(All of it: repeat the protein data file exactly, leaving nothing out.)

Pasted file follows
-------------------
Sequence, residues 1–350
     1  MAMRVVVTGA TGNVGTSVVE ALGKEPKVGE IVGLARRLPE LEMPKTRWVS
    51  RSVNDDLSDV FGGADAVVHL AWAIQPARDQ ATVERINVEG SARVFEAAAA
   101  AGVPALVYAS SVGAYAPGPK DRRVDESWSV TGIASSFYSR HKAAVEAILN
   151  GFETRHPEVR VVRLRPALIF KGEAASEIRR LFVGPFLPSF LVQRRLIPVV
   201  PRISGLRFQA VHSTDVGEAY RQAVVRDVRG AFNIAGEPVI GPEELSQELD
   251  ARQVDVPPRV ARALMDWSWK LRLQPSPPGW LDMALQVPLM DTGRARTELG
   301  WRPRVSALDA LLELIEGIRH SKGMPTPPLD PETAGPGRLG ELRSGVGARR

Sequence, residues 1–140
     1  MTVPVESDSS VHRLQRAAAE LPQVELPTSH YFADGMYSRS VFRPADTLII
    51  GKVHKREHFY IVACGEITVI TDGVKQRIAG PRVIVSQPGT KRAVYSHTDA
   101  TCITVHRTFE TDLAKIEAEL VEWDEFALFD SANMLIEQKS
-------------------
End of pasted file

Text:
Sequence, residues 1–350
     1  MAMRVVVTGA TGNVGTSVVE ALGKEPKVGE IVGLARRLPE LEMPKTRWVS
    51  RSVNDDLSDV FGGADAVVHL AWAIQPARDQ ATVERINVEG SARVFEAAAA
   101  AGVPALVYAS SVGAYAPGPK DRRVDESWSV TGIASSFYSR HKAAVEAILN
   151  GFETRHPEVR VVRLRPALIF KGEAASEIRR LFVGPFLPSF LVQRRLIPVV
   201  PRISGLRFQA VHSTDVGEAY RQAVVRDVRG AFNIAGEPVI GPEELSQELD
   251  ARQVDVPPRV ARALMDWSWK LRLQPSPPGW LDMALQVPLM DTGRARTELG
   301  WRPRVSALDA LLELIEGIRH SKGMPTPPLD PETAGPGRLG ELRSGVGARR

Sequence, residues 1–140
     1  MTVPVESDSS VHRLQRAAAE LPQVELPTSH YFADGMYSRS VFRPADTLII
    51  GKVHKREHFY IVACGEITVI TDGVKQRIAG PRVIVSQPGT KRAVYSHTDA
   101  TCITVHRTFE TDLAKIEAEL VEWDEFALFD SANMLIEQKS